As cited in the New York Times article below, the accelerated pace of advances in technology may be creating what one prominent researcher calls “mini-generation gaps,” reflecting the influence technology has on students during their formative years. Lee Rainie, director of the Pew Research Center’s Internet and American Life Project, says, “People two, three or four years apart are having completely different experiences with technology. College students scratch their heads at what their high school siblings are doing, and they scratch their heads at their younger siblings. It has sped up generational differences.”
These differences are most notable in each generation’s choices of communication and entertainment. According to a survey last year by Pew:
• 68% of teenagers are likely to send instant messages while only 59% of slightly older 20-somethings are.
• 78% of teenagers are likely to play online games while only 50% of slightly older 20-somethings are.
Larry Rosen, a professor of psychology at California State University, Dominguez Hills, has discovered in his studies another gap within generations. Dr. Rosen’s studies show that 16- to 18-year-olds perform, on average, seven tasks during their free time. People in their 20s typically can handle only six, while those in their 30s handle about five and a half. Some educators predict that multitasking may become a greater issue for these younger generations in a negative way. Vicky Rideout, a vice president at the Kaiser Family Foundation, states, “I worry that young people won’t be able to summon the capacity to focus and concentrate when they need to.”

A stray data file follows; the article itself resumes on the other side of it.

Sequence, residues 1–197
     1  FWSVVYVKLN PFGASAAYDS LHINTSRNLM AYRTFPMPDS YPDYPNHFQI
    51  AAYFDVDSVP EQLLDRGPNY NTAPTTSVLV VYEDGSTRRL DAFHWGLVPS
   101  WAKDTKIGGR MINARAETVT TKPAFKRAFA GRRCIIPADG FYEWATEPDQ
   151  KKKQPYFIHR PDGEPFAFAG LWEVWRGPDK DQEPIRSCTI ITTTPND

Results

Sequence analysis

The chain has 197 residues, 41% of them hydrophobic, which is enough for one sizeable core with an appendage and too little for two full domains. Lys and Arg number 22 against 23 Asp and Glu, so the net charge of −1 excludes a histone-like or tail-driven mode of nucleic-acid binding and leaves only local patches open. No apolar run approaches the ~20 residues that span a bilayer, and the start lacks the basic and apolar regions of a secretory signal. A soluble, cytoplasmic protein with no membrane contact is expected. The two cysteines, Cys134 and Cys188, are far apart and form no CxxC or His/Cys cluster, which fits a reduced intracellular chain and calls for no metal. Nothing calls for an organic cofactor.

What can teachers, schools, districts and parents do to help prepare students to develop critical and creative thinking skills for the 21st century, which demand focus and follow-through?
How can the U.S. education system integrate the younger generations’ affinity for new technologies to create compelling and engaging curricula?
The New York Times
January 9, 2010
The Children of Cyberspace: Old Fogies by Their 20s
By BRAD STONE
My 2-year-old daughter surprised me recently with two words: “Daddy’s book.” She was holding my Kindle electronic reader.
Here is a child only beginning to talk, revealing that the seeds of the next generation gap have already been planted. She has identified the Kindle as a substitute for words printed on physical pages. I own the device and am still not completely sold on the idea.
My daughter’s worldview and life will be shaped in very deliberate ways by technologies like the Kindle and the new magical high-tech gadgets coming out this year — Google’s Nexus One phone and Apple’s impending tablet among them. She’ll know nothing other than a world with digital books, Skype video chats with faraway relatives, and toddler-friendly video games on the iPhone. She’ll see the world a lot differently from her parents.
But these are also technology tools that children even 10 years older did not grow up with, and I’ve begun to think that my daughter’s generation will also be utterly unlike those that preceded it.
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